As you know, my blog is about my writing journey. I've been ambling along, a few short story successes here and there and a finished first draft of a novel under my belt. In my last post, I reported that I was re-checking the edits ready to send my novel to my friend who'd offered to act as a Beta reader. Then on Friday, my journey speeded up. What happened?
It was another #PitchCB day on Twitter and I did what I've done for the last few months prepared a tweet pitching my novel. If you haven't heard of it, #Pitch CB is an initiative by the agents at Curtis Brown where unpublished novelists may pitch the idea of their novels in 144 characters or less including the hashtag, #PitchCB. You are to pitch once only and over the course of the day, agents will read every pitch. If they 'like' yours, you may then submit a sample of your novel. Imagine how excited I was that one of the agents, Rebecca Ritchie, liked my Tweet! I had to tell someone so I messaged my friend, Sue, from Writing Group.
And then the panic set in! I checked the website and in order to submit, I needed to send a query letter, a 3000 word synopsis and the first 10,000 words of my novel. I'd never written a query letter and it was Sue to the rescue again. She's in the process of submitting her novel to agents and publishers and recommended an article in the February edition of Writing Magazine. In it, James McCreet looks at a sample cover letter to an agent and considers the best way to proceed. By having a sample letter to scrutinise, I found it helpful then to sort my own thoughts out. He is realistic when he reminds the reader how competitive the whole writing business is. '...your aim is to give (the agent) everything they need as clearly and concisely as possible. If they like the letter, they will; look at the synopsis...'
It was then on to the synopsis. I'd written a one page synopsis before so having up to 3000 words to write one for Curtis Brown should have been easier, shouldn't it? In fact, I thought it was harder and I didn't use up all the words allowed. Perhaps, the difference was that this time it was for real. Before, I'd written it more as an exercise and this was the first time it would be scrutinised by an agent. Writing Magazine continued with its 'Submission Under the Microscope' series and James McCreet looked at writing a synopsis in the March edition. I also found an excellent post 'How to Snag a Publisher First Time With Your Synopsis' on Sacha Black's Writing Blog. In it, she recommends a book by Nicola Morgan entitled simply 'How to Write a Great Synopsis'. My main difficulty was how to present a synopsis for a dual-narrative story. I started by writing a synopsis for each story but that didn't work as I found I was repeating myself. In the end, I included the main stages of the story, where there was conflict for the characters and how that conflict was resolved. It was important to show how the events in the 1947 story impinged on the 1965 story and I hope I achieved that at the end. It was too late for this submission, but today I have downloaded Nicola Morgan's book on my Kindle. Two sections in particular sound as if they will be a great help:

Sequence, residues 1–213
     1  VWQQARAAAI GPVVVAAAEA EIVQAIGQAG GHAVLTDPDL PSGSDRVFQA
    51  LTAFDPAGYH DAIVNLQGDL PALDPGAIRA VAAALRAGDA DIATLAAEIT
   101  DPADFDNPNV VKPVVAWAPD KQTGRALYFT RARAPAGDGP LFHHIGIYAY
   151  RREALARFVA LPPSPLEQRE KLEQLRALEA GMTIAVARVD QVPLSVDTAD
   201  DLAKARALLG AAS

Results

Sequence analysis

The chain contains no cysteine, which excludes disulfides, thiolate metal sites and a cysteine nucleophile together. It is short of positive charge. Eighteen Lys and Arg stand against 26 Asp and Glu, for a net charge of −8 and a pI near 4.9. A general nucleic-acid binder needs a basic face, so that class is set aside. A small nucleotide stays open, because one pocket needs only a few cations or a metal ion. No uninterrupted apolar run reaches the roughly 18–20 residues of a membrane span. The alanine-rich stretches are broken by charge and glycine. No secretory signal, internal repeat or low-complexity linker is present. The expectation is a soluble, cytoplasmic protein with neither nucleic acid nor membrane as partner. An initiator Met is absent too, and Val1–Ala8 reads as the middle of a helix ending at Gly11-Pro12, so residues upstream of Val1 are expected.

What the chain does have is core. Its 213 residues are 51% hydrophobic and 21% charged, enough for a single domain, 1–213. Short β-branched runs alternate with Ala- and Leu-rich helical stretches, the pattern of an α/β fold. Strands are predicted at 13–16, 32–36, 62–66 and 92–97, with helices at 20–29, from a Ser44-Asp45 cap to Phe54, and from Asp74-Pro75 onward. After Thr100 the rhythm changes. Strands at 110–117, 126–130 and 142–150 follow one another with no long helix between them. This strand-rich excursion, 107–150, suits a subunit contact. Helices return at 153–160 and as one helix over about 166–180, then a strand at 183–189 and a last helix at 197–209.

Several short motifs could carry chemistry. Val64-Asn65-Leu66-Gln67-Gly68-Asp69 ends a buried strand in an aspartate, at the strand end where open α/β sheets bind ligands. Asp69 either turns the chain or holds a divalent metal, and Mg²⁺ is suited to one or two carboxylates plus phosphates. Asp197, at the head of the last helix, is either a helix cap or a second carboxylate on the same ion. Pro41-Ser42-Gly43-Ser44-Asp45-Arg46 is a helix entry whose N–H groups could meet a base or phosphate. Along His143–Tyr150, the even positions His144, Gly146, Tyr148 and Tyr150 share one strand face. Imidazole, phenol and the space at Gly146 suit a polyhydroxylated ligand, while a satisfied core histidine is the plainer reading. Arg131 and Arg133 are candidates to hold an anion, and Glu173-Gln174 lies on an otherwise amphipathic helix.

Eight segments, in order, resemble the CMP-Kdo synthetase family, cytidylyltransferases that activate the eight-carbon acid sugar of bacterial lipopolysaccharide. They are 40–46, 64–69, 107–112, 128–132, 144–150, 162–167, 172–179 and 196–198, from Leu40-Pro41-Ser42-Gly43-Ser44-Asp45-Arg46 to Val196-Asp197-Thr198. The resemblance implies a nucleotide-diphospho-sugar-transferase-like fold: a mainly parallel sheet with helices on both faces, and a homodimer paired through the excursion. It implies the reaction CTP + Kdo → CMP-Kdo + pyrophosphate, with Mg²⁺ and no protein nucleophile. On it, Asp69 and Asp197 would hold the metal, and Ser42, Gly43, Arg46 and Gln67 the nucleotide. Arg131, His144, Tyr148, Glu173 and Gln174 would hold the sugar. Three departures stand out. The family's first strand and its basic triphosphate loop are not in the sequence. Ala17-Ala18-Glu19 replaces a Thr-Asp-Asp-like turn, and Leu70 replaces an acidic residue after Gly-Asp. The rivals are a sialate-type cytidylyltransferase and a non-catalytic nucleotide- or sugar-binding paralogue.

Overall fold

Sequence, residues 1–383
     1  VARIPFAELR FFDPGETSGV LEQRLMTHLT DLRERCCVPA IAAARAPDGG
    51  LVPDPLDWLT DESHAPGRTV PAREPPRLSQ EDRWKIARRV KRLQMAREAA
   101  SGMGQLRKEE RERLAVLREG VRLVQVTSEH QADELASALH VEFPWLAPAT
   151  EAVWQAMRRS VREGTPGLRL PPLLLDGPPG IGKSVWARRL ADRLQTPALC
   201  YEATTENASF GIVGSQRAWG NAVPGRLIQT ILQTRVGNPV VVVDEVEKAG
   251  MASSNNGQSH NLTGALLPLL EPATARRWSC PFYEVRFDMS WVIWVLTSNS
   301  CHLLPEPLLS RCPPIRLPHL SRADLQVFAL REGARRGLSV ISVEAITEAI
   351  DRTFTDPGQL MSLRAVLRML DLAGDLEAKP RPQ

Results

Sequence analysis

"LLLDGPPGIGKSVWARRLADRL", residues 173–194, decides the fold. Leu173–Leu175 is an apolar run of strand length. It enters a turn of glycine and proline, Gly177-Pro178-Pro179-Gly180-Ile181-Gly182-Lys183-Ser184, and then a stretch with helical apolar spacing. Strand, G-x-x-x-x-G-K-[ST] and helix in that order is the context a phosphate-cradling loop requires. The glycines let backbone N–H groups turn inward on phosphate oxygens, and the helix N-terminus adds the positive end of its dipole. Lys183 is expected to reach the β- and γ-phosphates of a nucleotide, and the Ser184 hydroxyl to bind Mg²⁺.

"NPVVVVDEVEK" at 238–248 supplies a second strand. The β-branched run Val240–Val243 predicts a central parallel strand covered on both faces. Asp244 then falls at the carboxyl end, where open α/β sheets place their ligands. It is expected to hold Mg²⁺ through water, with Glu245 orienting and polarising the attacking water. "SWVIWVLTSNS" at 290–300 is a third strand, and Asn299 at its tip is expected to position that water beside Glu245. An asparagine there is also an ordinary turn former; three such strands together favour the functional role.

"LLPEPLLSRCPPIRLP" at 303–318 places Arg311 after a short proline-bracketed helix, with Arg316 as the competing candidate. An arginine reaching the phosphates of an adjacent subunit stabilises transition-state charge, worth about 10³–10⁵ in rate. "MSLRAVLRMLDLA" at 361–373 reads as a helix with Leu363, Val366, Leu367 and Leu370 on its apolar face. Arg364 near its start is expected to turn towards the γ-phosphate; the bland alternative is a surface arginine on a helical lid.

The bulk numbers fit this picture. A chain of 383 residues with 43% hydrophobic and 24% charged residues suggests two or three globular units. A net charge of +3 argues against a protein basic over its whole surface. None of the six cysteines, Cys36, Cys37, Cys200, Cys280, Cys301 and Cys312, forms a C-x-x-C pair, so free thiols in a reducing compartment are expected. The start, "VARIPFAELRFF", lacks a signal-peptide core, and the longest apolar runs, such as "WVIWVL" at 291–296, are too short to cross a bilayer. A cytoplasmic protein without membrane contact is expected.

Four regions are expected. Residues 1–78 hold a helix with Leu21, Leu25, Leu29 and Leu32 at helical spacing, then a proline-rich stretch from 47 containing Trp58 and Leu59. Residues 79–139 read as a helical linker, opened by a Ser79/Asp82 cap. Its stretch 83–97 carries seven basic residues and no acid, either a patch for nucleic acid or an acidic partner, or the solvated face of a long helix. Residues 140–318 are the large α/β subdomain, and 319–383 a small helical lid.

- How to organise a non linear book into a synopsis
- How to write a synopsis of a book from multiple view points
The final part of the submission was the sample from the beginning of the novel. I checked and re-checked, cut more words that seemed unnecessary and generally sharpened the writing - or so I hoped!
Everything took a long time but so it should. I wanted to give this first ever submission my best shot and yet respond quickly to show my enthusiasm. Have I done enough? I am under no illusion that I will be one of very many submitting after a #PitchCB Friday. The odds are very much stacked against Rebecca asking for my full manuscript in view of so much competition. So what have I got out it all?
- Condensing the essence of your book into 144 characters is an excellent discipline. It makes you think about what it's really about. In Sacha's blog, she talks about writing a one sentence 25 word pitch.
- The query letter made me identify my target readers and other authors who have influenced me. Also, it was important to include enough in the letter for an agent to want to read the sample and synopsis.
- Writing the synopsis gave me the most trouble due to the reasons I've given. I know I have to learn much more about writing a synopsis for the structure of my book. Most synopses need to be one side of A4 so Sacha's recommendation that 'synopses are short and sweet' is something I'll have to remember!
This weekend has certainly been a learning curve for me as a writer and I can only benefit from the experience.
Thank you for reading. Have you written a pitch for your novel in 144 characters or 25 words? Have you any tips for writing cover letters and synopses? I'd love it if you left a comment. Thanks. :-)